China's High Luxury Tax Under Fire

    Under the backdrop of Beijing's annual National People's Congress, a new opponent to China's luxury tax has emerged: Wang Jianlin, chairman of the Dalian Wanda Group.
    Jing DailyAuthor
      Published   in Travel

    Dalian Wanda Group Chairman Wang Jianlin Appeals To Chinese Government To Cut Luxury Tariffs#

    Dalian Wanda Chairman Wang Jianlin (王建林)

    China's high luxury tax, which imposes a premium on imported high-end goods of up to 30 percent, is a hot topic in the Chinese-language media, and has only become more talked-about since the finding last fall by Bain & Company that over 50 percent of luxury purchases by Chinese shoppers in 2010 were made overseas. With Chinese shoppers looking for any way to sidestep the stiff luxury tax, whether through online shopping or trips to duty-free havens, the Chinese government has imposed tough retroactive taxes on purchases made in Hong Kong or Macau by mainland tourists via tougher enforcement of so-called "Rule 54." However, Beijing isn't the only one with a vested interest in getting Chinese shoppers to spend closer to home. In recent years, as foreign luxury brands have invested millions into their China operations only to see stores function more as showrooms than points of purchase, they've tried to fight consumer resistance to the luxury tax by releasing "China-only" limited edition collections to entice potential shoppers to stay local.

    This week, under the backdrop of Beijing's annual National People's Congress (两会), a new opponent to China's luxury tax has emerged: Wang Jianlin (王建林), chairman of the Dalian Wanda Group. At today's Chinese People’s Political Consultative Conference (CPPCC), Wang, whom Jing Daily previously profiled as the owner of the largest yacht in China (which likely also makes him an opponent of the country's new yacht tax), has spoken out in favor of dramatically lowering the luxury tax in order to stem the flow of money to overseas retailers.

    According to China's National Tourism Bureau, Chinese tourists took 2.1 billion domestic trips last year, spending a total of around 1.1 trillion yuan (US$167 billion), but per capita spending only amounted to 524 yuan, or US$80. Compare this with the comparatively low 54 million trips taken by outbound Chinese tourists, who spent at least 315 billion yuan (US$48 billion) overseas in 2010 and 5800 yuan ($883) each -- 11 times as much as domestic tourists.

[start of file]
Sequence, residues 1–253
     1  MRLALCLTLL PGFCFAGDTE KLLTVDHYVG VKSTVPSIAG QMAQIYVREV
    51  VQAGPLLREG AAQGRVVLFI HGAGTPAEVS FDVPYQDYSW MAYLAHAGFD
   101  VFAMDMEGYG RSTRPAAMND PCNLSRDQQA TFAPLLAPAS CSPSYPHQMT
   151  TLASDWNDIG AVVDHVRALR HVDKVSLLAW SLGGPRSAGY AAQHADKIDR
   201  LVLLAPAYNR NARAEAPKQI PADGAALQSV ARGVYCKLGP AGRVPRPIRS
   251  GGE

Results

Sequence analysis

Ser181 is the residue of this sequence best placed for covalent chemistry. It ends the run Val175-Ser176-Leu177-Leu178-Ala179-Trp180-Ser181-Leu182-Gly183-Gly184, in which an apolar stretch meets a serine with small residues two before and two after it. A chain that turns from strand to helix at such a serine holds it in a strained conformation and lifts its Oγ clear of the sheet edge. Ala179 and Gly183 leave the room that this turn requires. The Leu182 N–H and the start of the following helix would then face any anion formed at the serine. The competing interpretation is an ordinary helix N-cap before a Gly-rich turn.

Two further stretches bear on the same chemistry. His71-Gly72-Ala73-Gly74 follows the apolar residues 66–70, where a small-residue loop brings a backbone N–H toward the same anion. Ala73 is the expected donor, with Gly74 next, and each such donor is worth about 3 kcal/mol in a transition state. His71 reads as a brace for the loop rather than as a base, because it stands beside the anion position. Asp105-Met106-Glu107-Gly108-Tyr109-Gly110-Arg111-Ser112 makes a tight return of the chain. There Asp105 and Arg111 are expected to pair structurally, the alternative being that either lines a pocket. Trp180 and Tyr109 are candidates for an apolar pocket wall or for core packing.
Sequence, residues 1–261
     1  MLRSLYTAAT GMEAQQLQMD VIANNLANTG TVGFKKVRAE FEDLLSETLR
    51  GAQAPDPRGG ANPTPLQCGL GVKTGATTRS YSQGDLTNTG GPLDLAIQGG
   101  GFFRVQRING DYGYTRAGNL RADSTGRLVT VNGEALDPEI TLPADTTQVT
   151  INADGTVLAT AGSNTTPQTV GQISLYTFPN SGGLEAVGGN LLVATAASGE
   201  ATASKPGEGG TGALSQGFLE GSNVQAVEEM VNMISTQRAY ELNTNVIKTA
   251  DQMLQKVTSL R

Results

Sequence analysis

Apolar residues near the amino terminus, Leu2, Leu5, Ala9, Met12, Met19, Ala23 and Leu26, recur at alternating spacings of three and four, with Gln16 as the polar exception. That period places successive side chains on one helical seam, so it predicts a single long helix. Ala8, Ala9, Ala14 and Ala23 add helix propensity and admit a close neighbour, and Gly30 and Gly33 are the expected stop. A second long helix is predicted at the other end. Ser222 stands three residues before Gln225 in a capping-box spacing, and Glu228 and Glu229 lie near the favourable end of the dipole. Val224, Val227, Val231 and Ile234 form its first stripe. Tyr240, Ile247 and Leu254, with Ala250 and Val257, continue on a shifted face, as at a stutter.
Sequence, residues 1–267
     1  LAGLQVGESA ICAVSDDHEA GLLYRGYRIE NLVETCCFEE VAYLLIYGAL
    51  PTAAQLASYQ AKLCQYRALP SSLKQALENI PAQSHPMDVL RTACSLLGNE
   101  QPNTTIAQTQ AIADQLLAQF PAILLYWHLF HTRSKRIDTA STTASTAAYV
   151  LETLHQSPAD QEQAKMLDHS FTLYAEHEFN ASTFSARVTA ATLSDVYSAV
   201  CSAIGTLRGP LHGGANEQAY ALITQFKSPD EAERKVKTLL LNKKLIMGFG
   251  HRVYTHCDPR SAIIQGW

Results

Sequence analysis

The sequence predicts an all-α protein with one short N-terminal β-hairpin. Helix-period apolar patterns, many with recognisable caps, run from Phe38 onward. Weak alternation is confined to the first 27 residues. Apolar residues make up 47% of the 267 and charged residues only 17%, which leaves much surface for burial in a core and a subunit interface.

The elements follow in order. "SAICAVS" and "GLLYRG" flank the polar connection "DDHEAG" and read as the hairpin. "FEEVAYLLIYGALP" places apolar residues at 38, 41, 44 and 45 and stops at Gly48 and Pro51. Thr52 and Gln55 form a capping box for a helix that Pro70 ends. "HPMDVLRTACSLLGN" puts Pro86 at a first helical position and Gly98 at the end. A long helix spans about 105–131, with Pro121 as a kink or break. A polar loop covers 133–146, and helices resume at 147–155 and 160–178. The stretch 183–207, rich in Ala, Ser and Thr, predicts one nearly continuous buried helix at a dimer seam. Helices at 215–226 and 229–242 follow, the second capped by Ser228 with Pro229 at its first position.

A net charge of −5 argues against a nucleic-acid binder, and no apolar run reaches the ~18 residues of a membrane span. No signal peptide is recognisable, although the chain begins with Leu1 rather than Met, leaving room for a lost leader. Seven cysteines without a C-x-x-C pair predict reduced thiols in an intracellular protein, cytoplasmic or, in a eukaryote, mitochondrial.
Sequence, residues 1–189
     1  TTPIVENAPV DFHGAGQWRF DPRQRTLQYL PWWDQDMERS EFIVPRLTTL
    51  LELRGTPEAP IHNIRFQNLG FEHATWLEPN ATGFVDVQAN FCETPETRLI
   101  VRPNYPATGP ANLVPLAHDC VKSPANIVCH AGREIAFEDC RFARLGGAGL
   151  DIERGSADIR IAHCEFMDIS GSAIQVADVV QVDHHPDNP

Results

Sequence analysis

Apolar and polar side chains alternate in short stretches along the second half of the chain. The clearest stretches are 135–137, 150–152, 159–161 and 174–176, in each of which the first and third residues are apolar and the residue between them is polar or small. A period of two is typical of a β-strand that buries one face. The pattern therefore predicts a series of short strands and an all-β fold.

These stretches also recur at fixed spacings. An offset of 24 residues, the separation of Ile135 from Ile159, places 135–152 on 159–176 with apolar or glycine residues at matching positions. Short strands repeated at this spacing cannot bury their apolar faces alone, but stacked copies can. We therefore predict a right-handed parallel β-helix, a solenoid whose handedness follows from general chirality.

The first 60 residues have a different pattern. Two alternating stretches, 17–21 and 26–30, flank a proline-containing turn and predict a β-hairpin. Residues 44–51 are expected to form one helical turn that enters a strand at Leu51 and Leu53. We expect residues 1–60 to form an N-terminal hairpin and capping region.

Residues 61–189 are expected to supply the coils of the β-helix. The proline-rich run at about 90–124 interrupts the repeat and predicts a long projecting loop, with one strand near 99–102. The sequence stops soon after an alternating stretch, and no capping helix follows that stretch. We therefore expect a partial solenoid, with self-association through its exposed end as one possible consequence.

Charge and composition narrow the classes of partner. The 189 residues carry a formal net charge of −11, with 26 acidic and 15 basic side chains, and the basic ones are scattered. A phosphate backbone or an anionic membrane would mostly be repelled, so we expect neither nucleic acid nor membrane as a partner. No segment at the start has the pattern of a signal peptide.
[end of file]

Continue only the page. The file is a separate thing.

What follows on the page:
Speaking to the CPPCC, Wang Jianlin said that the luxury tax is the single biggest obstacle to the development of a shopping culture in China that can attract tourists and compete with New York, Paris or London, and recommended the government reduce the tax to "international standards."

    From the Beijing News (新京报):

    Wang Jianlin feels that the main reason that [Chinese] tourists flock to overseas locales to purchase luxury goods is China's stiff luxury tax, which leads to a huge price difference between similar goods purchased at home and abroad. Wang said that high tariffs don't actually decrease demand for luxury goods, but rather induce consumers to look elsewhere (e.g., abroad) for these goods. Continuing, Wang told the CPPCC that the luxury tax inhibits job growth and decreases tax revenue, as "Chinese people sit on airplanes to deliver jobs and tax money to foreign countries."

    Wang then said that one of the main draws that all major tourist destinations, such as Paris, New York, Hong Kong and Dubai, have in common is shopping. While many cities in China are popular among tourists, Wang pointed out, they're famous not for shopping but for sightseeing. This, to Wang, is akin to walking with only one leg. Lowering the luxury tax would, he said, help mainland China build a "shopping paradise."

    Wrapping up, Wang recommended that the CPPCC immediately put in place new policies to reduce the import duties on luxury goods to match international standards, in order to develop Chinese tourist destinations into shopping destinations, to increase the domestic consumption of foreign luxury goods by Chinese consumers, and to attract more foreign tourists to China to shop as well as sight-see.

    Although Wang, as the chairman of a major real estate company, has an obvious business interest in the construction of new shopping venues, it will be interesting to see whether his entreaties to government officials result in action or simply fall on deaf ears. The country has shown a particular interest in encouraging the formation of "made in China" luxury brands, and may see Wang's proposal as an endorsement of the foreign brands that currently dominate the high-end market.

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